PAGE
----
Catching the Clergy in the Act

In around 1535 (following Henry VIII’s break from Rome and marriage to his second wife, Anne Boleyn, but before he relieved her of the burden that was her head), Henry was in desperate need of cash.

In a continuation of his attack on Roman Catholicism, Henry launched a campaign against the monasteries which would result in their dissolution. It was not enough, simply to  take the belongings of the smaller monasteries. In order to gain the quantity of wealth that he required, Henry had to build a strong and infallible campaign, designed to destroy the reputation of the clergy within and further his break with Rome.

Visitations of these establishments began in the summer of 1535 and lasted over a year in some cases. Determined to besmirch the characters of those within, the commissioners attacked everything with which they could pick fault in their reports. These ranged from complaints regarding the relics and image worship within the monasteries to claims of sordid, ungodly acts going on within the confines of supposedly holy grounds.

One of my favourite quotes from Richard Layton at the Syon Abbey discusses the Bishop…

‘[The Bishop] persuaded one of his lay breathen, a smith, to have made a key for the door, to have in the night-time received in wenches for him and his fellow and especially a wife of Uxbridge… he was desirous to have had her conveyed in to him. The said Bishop also persuaded a nun, to whom he was confessor, to submit her body to his pleasure, and thus he persuaded her in confession, making her believe that whensoever and as oft as they should meddle together, if she were immediately after confessed by him, and took of him absolution, she should be clear forgiven of God…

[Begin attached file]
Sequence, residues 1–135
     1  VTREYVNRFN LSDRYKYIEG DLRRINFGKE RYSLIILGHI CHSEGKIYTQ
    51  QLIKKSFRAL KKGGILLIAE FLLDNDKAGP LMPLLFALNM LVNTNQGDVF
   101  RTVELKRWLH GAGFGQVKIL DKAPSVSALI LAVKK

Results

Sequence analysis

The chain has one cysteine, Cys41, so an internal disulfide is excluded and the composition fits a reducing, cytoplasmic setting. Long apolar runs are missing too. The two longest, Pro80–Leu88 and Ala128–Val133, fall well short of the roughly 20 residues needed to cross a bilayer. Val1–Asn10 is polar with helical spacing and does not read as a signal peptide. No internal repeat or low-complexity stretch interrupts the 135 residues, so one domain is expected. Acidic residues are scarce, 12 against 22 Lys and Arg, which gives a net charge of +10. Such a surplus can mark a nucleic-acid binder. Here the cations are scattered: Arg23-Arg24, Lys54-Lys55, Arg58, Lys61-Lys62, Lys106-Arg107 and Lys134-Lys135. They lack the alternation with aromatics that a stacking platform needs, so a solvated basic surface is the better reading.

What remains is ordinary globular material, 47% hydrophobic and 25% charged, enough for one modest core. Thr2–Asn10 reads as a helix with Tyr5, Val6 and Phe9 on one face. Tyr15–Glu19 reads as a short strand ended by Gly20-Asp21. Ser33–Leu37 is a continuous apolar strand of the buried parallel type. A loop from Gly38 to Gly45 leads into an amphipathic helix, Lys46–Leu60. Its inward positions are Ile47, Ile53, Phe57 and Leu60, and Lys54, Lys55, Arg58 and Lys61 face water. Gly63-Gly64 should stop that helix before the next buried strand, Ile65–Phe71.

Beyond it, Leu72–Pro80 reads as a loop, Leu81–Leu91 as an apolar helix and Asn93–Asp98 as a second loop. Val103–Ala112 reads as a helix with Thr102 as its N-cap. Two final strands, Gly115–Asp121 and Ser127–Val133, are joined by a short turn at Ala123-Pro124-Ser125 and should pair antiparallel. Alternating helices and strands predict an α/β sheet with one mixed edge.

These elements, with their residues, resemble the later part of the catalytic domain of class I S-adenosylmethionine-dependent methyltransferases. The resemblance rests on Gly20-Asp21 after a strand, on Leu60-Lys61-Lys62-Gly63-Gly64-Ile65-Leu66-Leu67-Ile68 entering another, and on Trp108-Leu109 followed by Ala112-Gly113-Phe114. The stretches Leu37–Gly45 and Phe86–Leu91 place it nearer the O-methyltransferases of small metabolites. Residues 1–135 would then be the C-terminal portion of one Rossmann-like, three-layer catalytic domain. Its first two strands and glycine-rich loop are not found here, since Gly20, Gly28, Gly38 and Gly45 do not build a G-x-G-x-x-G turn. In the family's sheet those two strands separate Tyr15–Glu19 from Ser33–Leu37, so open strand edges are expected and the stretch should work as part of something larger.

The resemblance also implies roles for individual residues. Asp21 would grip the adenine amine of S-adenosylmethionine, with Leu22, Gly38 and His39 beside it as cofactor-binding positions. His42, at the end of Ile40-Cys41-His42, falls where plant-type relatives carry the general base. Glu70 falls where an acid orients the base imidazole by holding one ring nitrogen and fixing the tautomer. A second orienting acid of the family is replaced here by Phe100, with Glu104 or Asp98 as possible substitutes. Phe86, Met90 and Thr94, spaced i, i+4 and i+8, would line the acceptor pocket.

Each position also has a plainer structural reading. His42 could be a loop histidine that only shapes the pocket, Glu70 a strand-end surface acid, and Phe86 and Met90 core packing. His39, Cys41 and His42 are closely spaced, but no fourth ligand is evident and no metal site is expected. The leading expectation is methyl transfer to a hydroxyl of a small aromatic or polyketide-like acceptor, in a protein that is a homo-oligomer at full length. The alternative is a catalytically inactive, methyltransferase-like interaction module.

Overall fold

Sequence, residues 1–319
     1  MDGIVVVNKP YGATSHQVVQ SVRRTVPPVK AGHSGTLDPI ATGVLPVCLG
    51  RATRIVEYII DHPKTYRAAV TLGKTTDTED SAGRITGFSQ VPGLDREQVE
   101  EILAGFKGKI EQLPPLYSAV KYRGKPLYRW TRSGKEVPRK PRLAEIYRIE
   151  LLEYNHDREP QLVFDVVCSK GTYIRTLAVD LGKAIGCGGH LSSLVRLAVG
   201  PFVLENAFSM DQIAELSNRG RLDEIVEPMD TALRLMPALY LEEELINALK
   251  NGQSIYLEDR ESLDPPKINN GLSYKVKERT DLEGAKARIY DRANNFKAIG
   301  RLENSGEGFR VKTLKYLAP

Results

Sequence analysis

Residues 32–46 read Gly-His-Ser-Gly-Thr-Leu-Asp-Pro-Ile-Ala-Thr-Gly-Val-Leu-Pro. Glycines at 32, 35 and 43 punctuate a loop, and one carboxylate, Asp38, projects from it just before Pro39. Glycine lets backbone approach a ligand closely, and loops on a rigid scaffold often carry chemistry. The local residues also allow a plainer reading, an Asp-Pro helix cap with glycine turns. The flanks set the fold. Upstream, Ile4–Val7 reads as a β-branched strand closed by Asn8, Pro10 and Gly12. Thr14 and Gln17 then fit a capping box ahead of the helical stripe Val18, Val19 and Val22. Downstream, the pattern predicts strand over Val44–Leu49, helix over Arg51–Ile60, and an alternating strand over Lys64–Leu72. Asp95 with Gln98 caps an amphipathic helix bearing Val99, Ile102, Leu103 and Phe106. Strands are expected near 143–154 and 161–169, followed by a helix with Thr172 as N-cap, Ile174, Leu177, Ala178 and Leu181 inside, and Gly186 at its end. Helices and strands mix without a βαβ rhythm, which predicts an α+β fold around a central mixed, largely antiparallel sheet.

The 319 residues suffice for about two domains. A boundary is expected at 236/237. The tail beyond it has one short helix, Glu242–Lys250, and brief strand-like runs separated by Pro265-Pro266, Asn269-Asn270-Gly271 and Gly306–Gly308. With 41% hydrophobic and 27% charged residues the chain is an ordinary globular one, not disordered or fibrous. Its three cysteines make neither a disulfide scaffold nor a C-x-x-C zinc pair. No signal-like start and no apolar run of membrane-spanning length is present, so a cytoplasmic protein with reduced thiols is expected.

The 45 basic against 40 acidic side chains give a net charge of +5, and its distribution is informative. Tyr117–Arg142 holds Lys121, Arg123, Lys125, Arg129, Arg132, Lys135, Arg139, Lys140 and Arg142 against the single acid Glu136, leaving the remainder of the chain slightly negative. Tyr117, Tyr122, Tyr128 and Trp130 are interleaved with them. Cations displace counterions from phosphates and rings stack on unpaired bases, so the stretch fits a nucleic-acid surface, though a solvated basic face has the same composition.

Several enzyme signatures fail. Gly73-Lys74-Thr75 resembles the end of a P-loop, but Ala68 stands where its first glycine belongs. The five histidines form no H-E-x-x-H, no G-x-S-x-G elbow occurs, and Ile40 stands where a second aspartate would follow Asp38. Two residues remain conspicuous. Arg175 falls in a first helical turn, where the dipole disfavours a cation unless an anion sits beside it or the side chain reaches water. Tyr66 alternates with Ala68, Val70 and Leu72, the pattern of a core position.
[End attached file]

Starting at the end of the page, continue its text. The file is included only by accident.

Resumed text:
Visitation and Surrender of Syon Nunnery to the Commissioners

Claims of gambling, drinking, homosexuality and blatant promiscuity filled many of the reports regarding the monks and nuns in question. Whilst some of the reports found the monasteries in perfect order, the work of an overenthusiastic few saw the monasteries liquidated into the pockets of Henry VIII.


Biland Monastery

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